Microsoft earlier this week strengthened its approach to cloud security, identity management and privileged access with the acquisition of CloudKnox, a leader in the cloud infrastructure entitlement management (CIEM) field.
CIEM consists of human entitlements, such as permissions and privileges that are needed to let users access cloud infrastructure resources, such as S3 buckets and virtual machines. It also includes machine entitlements required by apps and machines to communicate between databases and applications.
In a blog post, Joy Chik, corporate vice president of Microsoft Identity, said CloudKnox offers full visibility into privileged access. CloudKnox works to help organizations “right-size” permissions and consistently enforce least-privilege principles. It also uses analytics to deliver intelligence that helps prevent security breaches and ensure compliance.
“While organizations are reaping the benefits of cloud adoption, they still struggle to assess, prevent, enforce and govern privileged access across hybrid and multi-cloud environments,” Chik said. “Even if they piece multiple siloed systems together, they still get an incomplete view of privileged access. Traditional privileged access management and identity governance and administration solutions are well-suited for on-premises environments. However, they fall short of providing the necessary end-to-end visibility for multi-cloud entitlements and permissions.”
Consider this a strategic move by Microsoft, given their prominent position with Github, Azure and Azure Identity Protection Services, said Carla Roncato, a senior analyst who covers security with the Enterprise Strategy Group. Roncato added that CloudKnox already supports multi-cloud and it gives Microsoft the advantage of identifying and managing non-Azure cloud entitlements for better identity protection as the world’s largest identity provider.
“It could go a long way to improving managed IAM services, as well. For organizations that do not have the in-house skilled IAM talent, these services can be offered to combat identity-based attacks and breaches, in addition to improving DevOps velocity,” Roncato said.
Peter Firstbrook, a research vice president with Gartner who covers security, added that mapping identities has become more imperative because privileged identities can serve as a bridge for an attacker from low security environments to higher security ones. However, it’s really hard to map identities and detect missed configurations with current tools,” said Firstbrook.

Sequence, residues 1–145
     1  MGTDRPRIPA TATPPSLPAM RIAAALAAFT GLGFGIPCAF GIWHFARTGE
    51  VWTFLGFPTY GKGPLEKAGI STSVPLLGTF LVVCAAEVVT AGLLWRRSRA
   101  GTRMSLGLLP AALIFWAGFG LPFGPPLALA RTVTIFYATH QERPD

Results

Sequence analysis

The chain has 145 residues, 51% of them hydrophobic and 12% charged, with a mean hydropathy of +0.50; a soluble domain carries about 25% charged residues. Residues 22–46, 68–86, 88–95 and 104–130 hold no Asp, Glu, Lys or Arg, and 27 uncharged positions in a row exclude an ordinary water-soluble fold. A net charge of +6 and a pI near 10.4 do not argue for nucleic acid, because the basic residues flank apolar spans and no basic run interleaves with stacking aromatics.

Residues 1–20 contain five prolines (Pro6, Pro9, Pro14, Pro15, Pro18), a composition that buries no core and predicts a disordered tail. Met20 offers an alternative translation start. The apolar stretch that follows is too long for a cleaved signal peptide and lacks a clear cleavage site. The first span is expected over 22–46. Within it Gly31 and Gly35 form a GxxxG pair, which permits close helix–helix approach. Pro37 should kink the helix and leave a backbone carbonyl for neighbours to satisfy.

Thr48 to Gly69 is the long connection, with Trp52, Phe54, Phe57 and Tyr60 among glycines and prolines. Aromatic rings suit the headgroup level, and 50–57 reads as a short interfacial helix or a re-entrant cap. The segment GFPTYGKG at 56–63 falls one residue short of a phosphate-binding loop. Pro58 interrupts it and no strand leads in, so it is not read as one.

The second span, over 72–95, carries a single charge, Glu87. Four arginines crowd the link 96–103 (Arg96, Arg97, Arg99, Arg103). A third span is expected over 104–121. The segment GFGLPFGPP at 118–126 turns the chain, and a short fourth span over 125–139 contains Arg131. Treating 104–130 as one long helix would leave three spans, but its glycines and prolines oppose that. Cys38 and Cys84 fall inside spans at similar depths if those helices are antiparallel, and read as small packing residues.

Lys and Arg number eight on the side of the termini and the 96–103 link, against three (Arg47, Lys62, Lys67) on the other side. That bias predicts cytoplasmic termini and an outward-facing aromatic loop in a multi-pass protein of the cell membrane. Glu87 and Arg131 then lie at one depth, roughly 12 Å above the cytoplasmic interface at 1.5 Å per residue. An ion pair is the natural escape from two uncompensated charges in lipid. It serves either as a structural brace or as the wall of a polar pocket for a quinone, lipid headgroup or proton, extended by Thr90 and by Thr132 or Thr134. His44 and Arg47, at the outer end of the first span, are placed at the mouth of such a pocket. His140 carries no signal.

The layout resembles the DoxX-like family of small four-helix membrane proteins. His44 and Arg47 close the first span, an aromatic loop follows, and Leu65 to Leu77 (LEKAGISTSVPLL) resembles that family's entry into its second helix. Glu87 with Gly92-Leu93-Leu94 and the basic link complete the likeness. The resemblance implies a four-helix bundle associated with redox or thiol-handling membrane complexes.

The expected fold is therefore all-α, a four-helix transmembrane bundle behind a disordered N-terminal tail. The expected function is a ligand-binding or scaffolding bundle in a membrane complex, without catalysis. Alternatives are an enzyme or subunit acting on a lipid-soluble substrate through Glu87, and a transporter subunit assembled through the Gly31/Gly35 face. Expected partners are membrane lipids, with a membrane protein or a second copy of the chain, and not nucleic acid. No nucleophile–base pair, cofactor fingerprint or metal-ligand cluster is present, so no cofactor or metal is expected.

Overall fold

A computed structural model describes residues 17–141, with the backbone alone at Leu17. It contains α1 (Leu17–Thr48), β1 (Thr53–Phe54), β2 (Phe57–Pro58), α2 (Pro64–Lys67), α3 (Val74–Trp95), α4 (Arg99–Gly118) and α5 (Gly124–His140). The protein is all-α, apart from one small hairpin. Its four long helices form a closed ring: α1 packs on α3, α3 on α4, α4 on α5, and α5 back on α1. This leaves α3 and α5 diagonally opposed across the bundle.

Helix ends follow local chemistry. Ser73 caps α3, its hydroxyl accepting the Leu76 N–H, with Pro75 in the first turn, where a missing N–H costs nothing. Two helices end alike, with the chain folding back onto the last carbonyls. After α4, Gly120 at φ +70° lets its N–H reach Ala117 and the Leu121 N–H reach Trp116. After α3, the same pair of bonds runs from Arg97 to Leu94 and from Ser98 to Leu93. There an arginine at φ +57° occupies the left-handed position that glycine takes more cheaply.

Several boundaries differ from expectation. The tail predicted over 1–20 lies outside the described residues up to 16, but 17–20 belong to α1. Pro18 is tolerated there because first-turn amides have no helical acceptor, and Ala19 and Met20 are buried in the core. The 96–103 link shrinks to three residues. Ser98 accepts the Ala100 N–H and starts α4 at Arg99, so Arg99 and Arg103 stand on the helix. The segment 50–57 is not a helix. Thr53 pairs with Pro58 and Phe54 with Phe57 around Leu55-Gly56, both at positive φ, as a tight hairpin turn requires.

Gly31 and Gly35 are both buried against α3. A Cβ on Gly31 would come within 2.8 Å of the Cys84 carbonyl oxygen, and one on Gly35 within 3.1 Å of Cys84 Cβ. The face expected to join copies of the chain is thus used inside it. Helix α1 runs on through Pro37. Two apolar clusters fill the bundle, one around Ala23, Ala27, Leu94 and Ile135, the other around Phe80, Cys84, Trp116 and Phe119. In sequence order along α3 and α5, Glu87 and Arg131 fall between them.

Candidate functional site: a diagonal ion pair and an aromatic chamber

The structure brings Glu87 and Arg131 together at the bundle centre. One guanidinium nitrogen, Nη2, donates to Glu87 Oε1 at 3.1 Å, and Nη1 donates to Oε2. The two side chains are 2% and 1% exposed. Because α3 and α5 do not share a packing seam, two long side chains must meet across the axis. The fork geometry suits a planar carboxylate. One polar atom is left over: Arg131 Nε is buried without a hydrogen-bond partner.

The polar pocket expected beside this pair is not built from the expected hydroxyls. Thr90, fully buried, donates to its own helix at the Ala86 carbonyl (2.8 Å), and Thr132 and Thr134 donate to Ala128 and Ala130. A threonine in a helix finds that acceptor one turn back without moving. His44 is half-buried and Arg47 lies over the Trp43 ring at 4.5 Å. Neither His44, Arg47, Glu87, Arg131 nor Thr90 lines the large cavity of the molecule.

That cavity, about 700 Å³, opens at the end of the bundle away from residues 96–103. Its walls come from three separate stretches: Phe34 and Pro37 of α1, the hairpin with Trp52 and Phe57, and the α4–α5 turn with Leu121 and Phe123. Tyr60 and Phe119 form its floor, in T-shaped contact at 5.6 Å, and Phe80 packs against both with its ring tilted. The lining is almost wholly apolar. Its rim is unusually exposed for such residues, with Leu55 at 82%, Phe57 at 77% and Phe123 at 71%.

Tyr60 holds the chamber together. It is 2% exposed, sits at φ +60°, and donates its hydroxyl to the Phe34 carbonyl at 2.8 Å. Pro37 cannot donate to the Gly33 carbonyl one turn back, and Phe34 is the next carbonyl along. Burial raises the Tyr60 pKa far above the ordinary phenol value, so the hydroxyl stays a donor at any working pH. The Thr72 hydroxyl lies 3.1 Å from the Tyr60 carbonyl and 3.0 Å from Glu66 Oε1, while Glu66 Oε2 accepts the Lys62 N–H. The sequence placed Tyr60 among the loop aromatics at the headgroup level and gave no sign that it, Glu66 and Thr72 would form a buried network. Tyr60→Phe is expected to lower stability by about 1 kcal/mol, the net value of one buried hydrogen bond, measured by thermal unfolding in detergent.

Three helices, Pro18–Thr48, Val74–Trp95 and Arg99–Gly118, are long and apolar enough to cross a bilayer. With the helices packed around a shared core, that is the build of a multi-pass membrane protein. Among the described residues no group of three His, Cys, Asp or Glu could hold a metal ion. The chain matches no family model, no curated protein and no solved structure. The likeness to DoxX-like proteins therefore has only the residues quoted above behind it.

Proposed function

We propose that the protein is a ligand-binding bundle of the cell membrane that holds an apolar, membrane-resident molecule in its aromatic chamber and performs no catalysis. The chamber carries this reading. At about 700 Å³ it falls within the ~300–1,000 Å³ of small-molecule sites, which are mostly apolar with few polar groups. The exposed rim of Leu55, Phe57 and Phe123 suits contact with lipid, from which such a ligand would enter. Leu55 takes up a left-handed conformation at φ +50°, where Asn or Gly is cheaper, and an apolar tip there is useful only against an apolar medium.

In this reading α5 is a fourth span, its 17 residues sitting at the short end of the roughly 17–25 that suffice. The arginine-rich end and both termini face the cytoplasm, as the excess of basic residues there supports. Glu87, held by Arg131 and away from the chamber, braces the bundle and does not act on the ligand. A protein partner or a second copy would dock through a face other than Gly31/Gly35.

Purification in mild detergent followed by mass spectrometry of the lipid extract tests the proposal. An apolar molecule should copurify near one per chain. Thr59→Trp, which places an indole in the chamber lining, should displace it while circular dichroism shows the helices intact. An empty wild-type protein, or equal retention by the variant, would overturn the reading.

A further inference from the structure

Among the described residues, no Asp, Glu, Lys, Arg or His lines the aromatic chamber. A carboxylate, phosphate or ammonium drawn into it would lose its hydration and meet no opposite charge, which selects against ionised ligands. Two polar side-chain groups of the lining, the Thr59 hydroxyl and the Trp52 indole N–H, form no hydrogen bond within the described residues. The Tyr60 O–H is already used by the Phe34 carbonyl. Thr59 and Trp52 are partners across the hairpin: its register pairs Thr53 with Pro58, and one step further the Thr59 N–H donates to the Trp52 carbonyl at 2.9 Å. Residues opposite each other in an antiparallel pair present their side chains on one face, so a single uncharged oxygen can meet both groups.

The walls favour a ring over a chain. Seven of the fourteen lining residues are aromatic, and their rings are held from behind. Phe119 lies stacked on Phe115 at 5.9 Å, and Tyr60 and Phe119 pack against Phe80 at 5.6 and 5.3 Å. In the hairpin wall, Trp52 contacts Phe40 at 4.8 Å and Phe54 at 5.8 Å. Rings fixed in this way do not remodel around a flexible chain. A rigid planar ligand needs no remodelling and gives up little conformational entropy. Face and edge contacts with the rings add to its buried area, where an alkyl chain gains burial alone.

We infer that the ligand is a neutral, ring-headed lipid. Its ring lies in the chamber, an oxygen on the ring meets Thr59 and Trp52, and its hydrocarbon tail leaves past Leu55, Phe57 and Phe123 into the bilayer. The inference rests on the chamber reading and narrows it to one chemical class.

“Tools like CloudKnox let administrators better understand cloud identities and privileges and apply best practices like least privilege to minimize risk,” Firstbrook said. “They also monitor identity infrastructure for anomalous usage that may indicate an account takeover attack or man-in-the-middle attack. This has become increasingly important as more critical transaction systems and data move to the cloud and applications are built using microservices that interface with each other via APIs. Think of these types of tools as identity detection and response tools. They help harden the environment and detect identity misuse.”
Frank Dickson, program vice president, security and trust at IDC, said as workloads and applications move the cloud, the controls that security teams can put in place are more limited. As a result, implementing zero trust in a multi-cloud world relies on identity and data centric measures. Additionally, as the industry moves to multi-cloud, complexity makes security controls more important as there’s is a greater attack surface to protect.
“Cloud entitlements are essentially dedicated cloud-centric, identity approaches to implement least privileged access in cloud environments,” Dickson said. “CloudKnox accelerates Microsoft’s ability to extend its rich Azure Active Directory capabilities to multi-cloud environments. It’s a great move.”